Australasian Science: Australia's authority on science since 1938

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Science for Dummies

By John O’Connor

How concerned should we be that many Australians don't know some basic science facts?

There has been a range of comment about the recent Academy of Science survey on science literacy, ranging from criticism of such surveys and their relevance through to serious concern about the decline in literacy.

The criticism is based on the belief that it covers knowledge which is no longer relevant in the modern era and just gives an opportunity to highlight a deficiency that needs to be addressed for educational reasons or a target for greater science outreach. But is it so irrelevant?

From Prickly Pears to Quantum Computing: Enjoying the Fruits of Australian Science

By The Hon Karen Andrews MP

The government’s blueprint for scientific research will create a more innovative and entrepreneurial Australia.

This year marks 100 years since the Federal government established the Advisory Council of Science and Industry. Its first research investment was just £250 to explore ways to control the spread of the prickly pear pest invading agricultural land in eastern Australia.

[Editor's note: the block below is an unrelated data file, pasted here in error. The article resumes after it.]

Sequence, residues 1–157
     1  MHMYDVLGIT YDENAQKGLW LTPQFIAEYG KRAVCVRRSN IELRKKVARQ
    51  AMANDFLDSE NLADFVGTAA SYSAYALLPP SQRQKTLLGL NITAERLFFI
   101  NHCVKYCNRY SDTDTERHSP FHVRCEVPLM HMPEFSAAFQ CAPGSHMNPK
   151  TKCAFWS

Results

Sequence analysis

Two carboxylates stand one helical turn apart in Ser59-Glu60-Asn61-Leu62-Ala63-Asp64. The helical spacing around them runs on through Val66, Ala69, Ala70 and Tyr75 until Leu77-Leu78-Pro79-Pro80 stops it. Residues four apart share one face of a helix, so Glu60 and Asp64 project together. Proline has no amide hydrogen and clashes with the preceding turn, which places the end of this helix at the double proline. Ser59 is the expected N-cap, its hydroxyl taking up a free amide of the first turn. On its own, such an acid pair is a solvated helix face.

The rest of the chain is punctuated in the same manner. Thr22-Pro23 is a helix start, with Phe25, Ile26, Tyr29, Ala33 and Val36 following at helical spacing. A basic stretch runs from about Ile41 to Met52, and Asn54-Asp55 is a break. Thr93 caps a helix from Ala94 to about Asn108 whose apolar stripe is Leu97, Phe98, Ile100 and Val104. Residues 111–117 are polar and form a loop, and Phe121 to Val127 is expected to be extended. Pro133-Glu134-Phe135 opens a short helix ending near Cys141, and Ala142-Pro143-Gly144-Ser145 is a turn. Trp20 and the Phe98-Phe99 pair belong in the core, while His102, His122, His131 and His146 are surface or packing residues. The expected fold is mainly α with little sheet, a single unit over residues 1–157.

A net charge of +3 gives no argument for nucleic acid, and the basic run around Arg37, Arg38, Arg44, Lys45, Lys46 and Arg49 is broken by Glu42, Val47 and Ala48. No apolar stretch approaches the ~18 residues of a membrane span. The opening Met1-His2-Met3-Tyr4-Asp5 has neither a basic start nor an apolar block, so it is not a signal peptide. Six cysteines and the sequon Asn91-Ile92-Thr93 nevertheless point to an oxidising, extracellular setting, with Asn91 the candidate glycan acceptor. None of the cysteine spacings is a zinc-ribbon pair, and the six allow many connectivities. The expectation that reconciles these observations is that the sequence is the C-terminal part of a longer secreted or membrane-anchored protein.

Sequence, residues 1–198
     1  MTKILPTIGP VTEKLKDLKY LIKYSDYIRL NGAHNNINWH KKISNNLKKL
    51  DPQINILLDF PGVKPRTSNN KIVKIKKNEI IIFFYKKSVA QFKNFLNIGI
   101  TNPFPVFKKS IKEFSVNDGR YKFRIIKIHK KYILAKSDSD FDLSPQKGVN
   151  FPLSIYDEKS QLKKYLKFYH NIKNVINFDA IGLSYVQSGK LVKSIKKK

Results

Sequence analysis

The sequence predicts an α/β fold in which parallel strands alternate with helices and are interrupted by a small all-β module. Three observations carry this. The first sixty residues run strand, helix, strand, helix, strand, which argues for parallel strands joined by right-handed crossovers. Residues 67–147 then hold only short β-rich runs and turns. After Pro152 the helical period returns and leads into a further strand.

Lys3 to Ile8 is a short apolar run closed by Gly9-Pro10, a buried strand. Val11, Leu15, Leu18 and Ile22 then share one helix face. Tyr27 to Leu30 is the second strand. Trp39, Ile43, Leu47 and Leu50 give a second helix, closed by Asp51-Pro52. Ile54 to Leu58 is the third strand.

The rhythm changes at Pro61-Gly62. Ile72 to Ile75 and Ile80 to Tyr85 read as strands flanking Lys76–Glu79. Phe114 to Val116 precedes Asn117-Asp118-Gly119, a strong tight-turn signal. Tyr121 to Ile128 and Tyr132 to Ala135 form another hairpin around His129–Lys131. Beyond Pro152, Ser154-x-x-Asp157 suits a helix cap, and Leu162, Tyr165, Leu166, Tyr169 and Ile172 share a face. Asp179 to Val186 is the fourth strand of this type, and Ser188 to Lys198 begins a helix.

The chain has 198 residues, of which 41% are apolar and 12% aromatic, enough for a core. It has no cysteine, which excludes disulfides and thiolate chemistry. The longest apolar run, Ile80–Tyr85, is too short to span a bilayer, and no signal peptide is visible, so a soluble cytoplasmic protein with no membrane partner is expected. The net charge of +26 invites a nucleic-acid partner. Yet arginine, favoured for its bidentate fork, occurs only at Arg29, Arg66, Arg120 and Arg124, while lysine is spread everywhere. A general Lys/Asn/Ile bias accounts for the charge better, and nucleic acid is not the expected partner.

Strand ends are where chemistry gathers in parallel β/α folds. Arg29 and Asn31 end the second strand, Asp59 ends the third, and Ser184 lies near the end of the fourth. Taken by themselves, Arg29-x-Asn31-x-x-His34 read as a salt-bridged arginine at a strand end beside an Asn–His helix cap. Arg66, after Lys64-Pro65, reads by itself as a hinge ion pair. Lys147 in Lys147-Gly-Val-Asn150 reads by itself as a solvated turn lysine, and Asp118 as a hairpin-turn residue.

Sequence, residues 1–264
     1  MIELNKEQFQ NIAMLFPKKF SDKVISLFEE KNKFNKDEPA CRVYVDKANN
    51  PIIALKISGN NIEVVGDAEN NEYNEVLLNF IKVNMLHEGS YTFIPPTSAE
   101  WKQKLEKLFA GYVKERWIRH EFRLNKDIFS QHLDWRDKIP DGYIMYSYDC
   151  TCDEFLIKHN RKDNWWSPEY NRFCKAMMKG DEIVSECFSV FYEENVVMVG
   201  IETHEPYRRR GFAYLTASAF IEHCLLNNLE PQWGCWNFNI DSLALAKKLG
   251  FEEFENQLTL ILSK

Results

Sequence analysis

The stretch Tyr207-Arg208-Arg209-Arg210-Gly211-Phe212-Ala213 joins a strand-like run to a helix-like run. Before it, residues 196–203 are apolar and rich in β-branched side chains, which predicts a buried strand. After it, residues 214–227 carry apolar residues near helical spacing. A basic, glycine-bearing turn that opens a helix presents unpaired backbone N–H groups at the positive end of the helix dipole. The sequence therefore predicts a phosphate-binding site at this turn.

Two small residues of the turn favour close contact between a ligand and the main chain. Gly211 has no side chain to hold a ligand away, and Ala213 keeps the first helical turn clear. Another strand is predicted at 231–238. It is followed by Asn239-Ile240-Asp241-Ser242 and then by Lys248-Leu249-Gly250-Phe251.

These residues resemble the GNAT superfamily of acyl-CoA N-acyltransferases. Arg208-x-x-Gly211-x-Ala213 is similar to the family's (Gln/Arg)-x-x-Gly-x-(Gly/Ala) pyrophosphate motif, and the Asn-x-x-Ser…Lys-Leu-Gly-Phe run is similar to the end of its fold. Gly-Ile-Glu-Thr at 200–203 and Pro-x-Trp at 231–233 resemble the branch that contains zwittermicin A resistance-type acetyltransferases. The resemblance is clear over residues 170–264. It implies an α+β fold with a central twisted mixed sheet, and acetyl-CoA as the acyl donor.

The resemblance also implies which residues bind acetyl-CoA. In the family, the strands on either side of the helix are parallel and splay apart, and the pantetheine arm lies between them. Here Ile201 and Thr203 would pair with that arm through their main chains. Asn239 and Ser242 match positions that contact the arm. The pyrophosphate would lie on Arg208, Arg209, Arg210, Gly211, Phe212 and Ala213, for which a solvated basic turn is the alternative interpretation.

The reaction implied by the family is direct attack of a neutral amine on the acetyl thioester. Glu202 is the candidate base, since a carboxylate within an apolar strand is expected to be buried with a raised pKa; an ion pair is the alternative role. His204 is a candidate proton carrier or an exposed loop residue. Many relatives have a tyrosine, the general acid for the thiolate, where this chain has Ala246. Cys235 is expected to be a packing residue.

In the ensuing century, the Advisory Council has evolved into what we now know as the CSIRO and a world-class science community has come to flourish in Australia. Today, our universities and public science agencies conduct cutting-edge research that benefits millions of people around the world.

Future Research Stars Are Born in Every Town

By Senator Kim Carr

Labor believes that “Australia cannot be an innovation nation unless we are an education nation – and a science and research nation”.

Australian scientists were entitled to feel relieved when the Liberal Party changed its leader last September. After all, in the 2014 Budget Tony Abbott’s government stripped $3 billion from public funding for science, research and innovation programs, and sought to take $12 billion over 10 years from university research programs. These policies, along with cuts to university budgets and unfair fee hikes that would lumber university students with $100,000 degrees, were carried through in the 2015 Budget.

Greens Plan Giant Boost to Science and Research

By Australian Greens

The Australian Greens want to put Australia on a path to spending 4% of GDP on science and research by 2030.

Announcing the policy at the Walter and Eliza Hall Institute of Medical Research in the electorate of Melbourne, Greens Leader Senator Richard Di Natale and Science and Industry spokesperson Adam Bandt MP said the policy would make Australia a world leader in investment in research and development.